In the cab picker menu you can filter by size and count, i.e. 2x12.
Aha, I didn't know this. Cheers, @FractalAudio.
This helps, but the crux of my feedback is that with 260 amps and 2500 cabs, it could be helpful to be able to reasonably narrow down choices based on thematic keywords (e.g. "high gain" or "clean") or even by style.
As an example, when I created by first preset and I wanted to create a metal tone, I was overwhelmed by the cab options, and with so many choices it was more than likely I would stumble on a poor choice than a good choice. While I may audition all cans, it is laborious and I can't remember which ones stand out as I go through the list.
Another option could be to use the data from Axe Exchange to show which cabs and effect blocks are most commonly matched with amp models. Axe Exchange is an incredible data source that can help inform the user. This would help people to more finely scope good options.
I'm with Yek. Beause with a good cab you can play any style. The cab gives the "charakter" which makes iMHO 70 % of the sound, and the amp is responsible for the "theme".Yeah, style may be a little ambiguous, but theme (e.g. high gain) would help narrow down options.
I have to agree. Sometimes, a cab that works well with a smiley-curve Fender amp will also work well with a smiley-curve metal monster. And sometimes a cab that you’d never consider turns out to be just what you need. When you look at cabs in a music store, they’re not labeled “This one is for mid-gain rock.”IMHO it makes no sense to categorize cabs (or effects) by style.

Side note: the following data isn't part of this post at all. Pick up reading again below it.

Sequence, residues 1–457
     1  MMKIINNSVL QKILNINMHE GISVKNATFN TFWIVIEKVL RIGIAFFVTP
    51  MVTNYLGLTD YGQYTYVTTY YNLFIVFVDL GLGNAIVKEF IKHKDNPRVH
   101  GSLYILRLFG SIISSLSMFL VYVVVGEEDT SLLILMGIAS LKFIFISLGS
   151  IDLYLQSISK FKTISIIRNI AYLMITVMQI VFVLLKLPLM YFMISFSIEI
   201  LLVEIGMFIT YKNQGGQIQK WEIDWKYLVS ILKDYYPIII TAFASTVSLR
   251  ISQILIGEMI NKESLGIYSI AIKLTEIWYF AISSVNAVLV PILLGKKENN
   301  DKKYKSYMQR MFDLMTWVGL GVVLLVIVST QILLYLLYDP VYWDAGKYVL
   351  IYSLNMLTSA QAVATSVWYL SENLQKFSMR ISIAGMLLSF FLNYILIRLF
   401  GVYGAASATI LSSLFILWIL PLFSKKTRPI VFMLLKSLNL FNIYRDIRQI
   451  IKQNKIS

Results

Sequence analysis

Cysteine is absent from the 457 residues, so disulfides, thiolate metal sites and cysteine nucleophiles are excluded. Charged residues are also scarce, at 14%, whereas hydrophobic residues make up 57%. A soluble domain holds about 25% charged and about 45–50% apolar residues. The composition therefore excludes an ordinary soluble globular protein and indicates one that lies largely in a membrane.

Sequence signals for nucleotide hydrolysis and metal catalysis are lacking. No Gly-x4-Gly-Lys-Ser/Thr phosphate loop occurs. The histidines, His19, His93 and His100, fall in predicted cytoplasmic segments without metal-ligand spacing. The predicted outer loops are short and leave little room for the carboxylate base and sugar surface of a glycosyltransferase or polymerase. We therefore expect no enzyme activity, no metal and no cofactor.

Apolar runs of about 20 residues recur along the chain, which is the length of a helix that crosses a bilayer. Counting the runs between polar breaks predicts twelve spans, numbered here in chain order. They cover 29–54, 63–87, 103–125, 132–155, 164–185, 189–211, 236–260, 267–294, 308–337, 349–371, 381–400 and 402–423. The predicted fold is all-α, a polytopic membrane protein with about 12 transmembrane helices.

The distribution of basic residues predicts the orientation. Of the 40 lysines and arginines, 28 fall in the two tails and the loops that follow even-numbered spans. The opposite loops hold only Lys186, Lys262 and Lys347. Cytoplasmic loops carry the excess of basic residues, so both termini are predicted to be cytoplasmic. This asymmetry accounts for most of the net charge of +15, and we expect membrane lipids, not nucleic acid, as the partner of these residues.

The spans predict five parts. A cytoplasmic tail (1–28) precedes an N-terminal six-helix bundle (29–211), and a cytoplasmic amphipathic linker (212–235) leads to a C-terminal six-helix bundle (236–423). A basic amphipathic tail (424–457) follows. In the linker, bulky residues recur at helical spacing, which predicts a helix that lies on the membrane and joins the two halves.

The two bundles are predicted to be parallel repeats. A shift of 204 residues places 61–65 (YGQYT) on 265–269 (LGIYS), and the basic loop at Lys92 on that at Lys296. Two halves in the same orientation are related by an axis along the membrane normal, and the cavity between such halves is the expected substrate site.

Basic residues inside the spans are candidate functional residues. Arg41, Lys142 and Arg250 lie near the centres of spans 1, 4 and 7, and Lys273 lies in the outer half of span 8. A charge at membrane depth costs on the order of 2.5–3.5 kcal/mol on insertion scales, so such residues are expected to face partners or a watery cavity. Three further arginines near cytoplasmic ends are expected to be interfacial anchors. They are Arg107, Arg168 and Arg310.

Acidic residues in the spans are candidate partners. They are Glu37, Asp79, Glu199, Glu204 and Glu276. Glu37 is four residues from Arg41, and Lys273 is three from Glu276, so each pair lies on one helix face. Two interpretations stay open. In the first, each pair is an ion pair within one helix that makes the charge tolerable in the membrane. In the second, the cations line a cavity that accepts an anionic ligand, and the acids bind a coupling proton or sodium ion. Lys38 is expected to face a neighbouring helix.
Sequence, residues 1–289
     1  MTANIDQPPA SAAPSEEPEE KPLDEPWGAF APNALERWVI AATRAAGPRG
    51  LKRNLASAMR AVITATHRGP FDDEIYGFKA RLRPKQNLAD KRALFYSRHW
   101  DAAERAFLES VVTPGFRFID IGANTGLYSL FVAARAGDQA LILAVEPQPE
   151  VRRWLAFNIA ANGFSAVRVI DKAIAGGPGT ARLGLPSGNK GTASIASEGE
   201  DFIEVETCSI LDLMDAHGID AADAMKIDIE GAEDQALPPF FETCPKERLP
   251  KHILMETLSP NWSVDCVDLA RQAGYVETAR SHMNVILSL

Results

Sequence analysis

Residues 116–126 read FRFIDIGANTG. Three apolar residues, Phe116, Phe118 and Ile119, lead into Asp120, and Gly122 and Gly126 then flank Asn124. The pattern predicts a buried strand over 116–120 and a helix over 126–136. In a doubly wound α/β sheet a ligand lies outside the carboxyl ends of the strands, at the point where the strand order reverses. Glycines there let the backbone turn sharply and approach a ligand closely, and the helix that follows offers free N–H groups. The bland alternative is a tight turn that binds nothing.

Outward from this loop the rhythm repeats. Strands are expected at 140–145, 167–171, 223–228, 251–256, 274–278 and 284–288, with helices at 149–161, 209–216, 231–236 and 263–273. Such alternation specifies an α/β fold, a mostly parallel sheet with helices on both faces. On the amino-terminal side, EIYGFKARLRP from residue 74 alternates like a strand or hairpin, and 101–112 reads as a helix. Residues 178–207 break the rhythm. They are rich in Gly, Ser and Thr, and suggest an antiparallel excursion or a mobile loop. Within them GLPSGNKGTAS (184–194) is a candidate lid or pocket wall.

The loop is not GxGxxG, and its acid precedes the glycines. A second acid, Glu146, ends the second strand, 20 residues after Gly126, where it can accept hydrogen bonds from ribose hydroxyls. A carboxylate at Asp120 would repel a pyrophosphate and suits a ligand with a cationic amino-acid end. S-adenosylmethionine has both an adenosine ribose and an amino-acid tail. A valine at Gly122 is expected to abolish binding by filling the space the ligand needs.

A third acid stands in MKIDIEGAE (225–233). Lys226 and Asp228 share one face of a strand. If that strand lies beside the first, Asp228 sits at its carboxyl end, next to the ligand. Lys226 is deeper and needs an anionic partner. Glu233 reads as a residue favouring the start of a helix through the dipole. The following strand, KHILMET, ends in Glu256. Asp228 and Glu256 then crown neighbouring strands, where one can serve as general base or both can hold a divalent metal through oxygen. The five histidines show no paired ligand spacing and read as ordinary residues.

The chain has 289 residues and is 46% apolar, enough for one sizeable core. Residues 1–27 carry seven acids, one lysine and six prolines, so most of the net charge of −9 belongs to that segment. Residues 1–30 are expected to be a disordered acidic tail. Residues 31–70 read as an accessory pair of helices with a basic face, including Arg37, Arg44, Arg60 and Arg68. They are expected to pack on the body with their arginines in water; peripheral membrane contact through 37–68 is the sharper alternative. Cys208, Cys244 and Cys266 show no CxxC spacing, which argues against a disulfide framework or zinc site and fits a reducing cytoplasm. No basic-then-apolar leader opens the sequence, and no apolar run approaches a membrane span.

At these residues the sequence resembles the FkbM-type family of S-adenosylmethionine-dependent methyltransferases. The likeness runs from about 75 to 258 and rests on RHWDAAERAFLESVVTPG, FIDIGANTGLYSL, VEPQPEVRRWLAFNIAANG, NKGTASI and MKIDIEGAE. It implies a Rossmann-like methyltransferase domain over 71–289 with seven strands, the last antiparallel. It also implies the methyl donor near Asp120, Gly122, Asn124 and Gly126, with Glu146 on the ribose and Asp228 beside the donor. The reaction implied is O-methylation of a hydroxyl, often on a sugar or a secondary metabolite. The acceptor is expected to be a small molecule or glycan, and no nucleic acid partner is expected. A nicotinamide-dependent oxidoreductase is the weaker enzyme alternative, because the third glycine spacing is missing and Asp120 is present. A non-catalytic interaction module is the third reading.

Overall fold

I have to agree. Sometimes, a cab that works well with a smiley-curve Fender amp will also work well with a smiley-curve metal monster. And sometimes a cab that you’d never consider turns out to be just what you need. When you look at cabs in a music store, they’re not labeled “This one is for mid-gain rock.”
Guitarists play "follow the leader" a lot more often than they'll admit. If one guy publishes a Broot52 amp combined with an XYZ cab, others will follow suit. Instant "most popular" combination.
Another danger is how you measure popularity. You measure by download count, right? The most frequently-downloaded presets will be the ones whose titles appeal to the most people. Or the ones most visible, on the forum or elsewhere. Remember that people can't really judge a preset until after they've downloaded it and tried it, at which point their vote has already been cast.
Finally, popularity doesn't equal quality. McDonald's makes the most popular hamburger in the world, but few would say it's the best. Or even a particularly good representation of a hamburger.
We passed that threshold years ago. The problem is that phrase, "get the most value out of it." You can get a ton of value out of it just by flipping through the factory presets. Getting the most value out of it is a different journey.My concern is that the Axe FX is becoming so phenomenally cable and rich with options that people won't be able to get the most value out of it without devoted months of fiddling time...